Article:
Lima estimated that the new 64-CT scans could reduce by as much as 20 per cent the 1.3 million cardiac catheterizations that show no blockages that are carried out each year in the US. Also, although not covered by many private health plans, CT scanning could be a viable alternative to cardiac stress testing for weak and elderly patients who can't perform the strenuous exercise it requires.

Previous studies on using CT scans were using older technology based on 16-CT which is slower and less powerful said Lima, and have only a quarter to one third of the precision of the newer 64-CT machines.

"Our latest findings weigh heavily in favor of the more advanced 64-CT scans," said Lima, adding that they had four times the strength of the more widely available 16-CT scanner. The new 64-CT technology gave the team their:

"First real view of the whole picture of what is going on in the artery, precisely where the blockage is, even if it is only partially obstructed," explained Lima.

Lead author and interventional cardiologist Dr Julie Miller, who is leader of angiographic research and an assistant professor at Johns Hopkins University School of Medicine, said that the advanced scanners are so good that for the first time doctors can see blockages in blood vessels 1.5 mm in diameter. The older scanners were more suited to blood vessels bigger than 2 mm in diameter, she added.

For the study, Lima, Miller and colleagues recruited 291 men and women over the age of 40 who were already scheduled to undergo cardiac catheterization to check for blocked arteries. Each patient also had a 64-CT scan before their procedure and had regular check ups afterwards. The study began in 2005 and follow up will continue until 2009 to see who develops heart problems, and how many may have needed bypass surgery or angioplasty.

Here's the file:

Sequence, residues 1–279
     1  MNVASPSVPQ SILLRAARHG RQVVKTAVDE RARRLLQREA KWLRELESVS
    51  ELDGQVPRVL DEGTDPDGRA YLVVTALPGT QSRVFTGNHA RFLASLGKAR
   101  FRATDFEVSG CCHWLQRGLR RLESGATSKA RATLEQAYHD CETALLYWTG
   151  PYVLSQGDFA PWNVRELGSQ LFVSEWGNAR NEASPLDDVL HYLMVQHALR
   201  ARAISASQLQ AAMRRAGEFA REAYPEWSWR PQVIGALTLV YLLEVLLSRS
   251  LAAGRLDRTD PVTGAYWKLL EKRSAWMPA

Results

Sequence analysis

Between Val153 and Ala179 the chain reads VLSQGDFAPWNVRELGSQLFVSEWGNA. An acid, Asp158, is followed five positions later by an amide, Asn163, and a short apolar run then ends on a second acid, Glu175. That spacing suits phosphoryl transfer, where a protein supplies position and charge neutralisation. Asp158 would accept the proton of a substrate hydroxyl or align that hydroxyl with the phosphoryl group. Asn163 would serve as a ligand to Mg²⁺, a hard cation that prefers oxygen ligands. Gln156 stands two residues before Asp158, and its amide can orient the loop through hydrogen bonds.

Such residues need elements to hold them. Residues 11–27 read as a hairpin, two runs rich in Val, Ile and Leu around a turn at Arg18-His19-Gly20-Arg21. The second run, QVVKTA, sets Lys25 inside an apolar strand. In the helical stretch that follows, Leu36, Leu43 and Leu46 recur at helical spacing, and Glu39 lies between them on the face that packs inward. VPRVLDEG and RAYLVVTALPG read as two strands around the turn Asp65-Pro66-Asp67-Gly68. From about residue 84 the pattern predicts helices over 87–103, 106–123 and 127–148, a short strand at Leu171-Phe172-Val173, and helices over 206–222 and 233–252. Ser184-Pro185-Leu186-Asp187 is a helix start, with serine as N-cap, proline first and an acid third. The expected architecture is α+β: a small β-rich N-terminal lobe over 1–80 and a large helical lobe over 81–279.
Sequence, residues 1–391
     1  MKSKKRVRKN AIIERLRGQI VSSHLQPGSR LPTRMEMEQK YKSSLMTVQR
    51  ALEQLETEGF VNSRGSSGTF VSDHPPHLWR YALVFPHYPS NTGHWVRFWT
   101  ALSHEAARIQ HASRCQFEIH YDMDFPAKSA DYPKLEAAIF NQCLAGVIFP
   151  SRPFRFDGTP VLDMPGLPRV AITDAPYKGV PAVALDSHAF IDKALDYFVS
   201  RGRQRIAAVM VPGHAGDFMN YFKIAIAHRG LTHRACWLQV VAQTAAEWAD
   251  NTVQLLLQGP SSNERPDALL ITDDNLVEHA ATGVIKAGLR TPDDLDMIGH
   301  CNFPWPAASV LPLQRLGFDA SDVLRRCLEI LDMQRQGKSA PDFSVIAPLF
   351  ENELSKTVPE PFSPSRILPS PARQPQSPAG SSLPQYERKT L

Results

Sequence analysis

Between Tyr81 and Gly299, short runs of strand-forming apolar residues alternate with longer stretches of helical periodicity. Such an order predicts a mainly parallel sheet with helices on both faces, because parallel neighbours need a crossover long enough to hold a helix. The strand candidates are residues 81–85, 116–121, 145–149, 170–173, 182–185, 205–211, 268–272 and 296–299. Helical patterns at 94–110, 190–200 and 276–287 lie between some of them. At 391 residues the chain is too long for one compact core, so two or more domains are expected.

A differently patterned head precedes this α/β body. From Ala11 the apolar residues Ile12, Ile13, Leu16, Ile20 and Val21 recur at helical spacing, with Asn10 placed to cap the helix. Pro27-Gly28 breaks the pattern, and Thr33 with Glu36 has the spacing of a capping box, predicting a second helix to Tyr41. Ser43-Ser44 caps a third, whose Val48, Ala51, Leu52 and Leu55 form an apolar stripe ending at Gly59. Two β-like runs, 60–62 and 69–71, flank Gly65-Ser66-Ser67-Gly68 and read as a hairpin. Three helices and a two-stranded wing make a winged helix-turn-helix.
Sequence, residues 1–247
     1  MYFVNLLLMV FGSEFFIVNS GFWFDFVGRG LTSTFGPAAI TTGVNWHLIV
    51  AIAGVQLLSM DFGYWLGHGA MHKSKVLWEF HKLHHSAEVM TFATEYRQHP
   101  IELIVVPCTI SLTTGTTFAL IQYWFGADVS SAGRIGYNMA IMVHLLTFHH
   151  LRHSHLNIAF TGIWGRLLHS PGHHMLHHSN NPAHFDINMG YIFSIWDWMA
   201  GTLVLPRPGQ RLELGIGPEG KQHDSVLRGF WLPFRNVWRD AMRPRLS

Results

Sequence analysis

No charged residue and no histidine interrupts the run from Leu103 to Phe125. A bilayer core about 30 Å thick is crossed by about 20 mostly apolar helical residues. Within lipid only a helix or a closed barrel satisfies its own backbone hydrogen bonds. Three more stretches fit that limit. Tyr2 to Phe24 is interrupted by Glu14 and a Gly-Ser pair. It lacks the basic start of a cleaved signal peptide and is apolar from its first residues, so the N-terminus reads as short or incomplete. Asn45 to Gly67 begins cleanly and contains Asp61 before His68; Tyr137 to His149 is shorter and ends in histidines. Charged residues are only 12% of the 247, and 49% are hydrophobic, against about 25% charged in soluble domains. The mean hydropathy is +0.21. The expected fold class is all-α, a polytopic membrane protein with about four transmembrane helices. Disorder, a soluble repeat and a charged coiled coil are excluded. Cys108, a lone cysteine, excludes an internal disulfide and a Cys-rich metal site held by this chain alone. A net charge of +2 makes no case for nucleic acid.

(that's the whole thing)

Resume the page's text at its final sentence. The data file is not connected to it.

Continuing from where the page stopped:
The results showed that the 64-CT scans identified 90 per cent of the patients who were subsequently found to have a major blockage when they underwent conventional cardiac catheterization.

There are disadvantages to using 64-CT said Miller, and these include radiation exposure and in rare cases patients can have allergic reactions or develop kidney problems from the contrast dyes that are injected into them to enhance the CT images.

Miller said that CT technology had come a long way in the last decade. Radiation exposure has been cut and the time to complete a scan has come down. There is also a 320-CT scanner that takes less than a second to perform a scan.

"Diagnostic Performance of Coronary Angiography by 64-Row CT."

Miller, Julie M., Rochitte, Carlos E., Dewey, Marc, Arbab-Zadeh, Armin, Niinuma, Hiroyuki, Gottlieb, Ilan, Paul, Narinder, Clouse, Melvin E., Shapiro, Edward P., Hoe, John, Lardo, Albert C., Bush, David E., de Roos, Albert, Cox, Christopher, Brinker, Jeffery, Lima, Joao A.C.

N Engl J Med, Volume 359, Number 22, pp 2324-2336, November 27, 2008.

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Sources: Journal Abstract, Johns Hopkins Medical Institutions.

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Section Issues On Medicine: Medical practice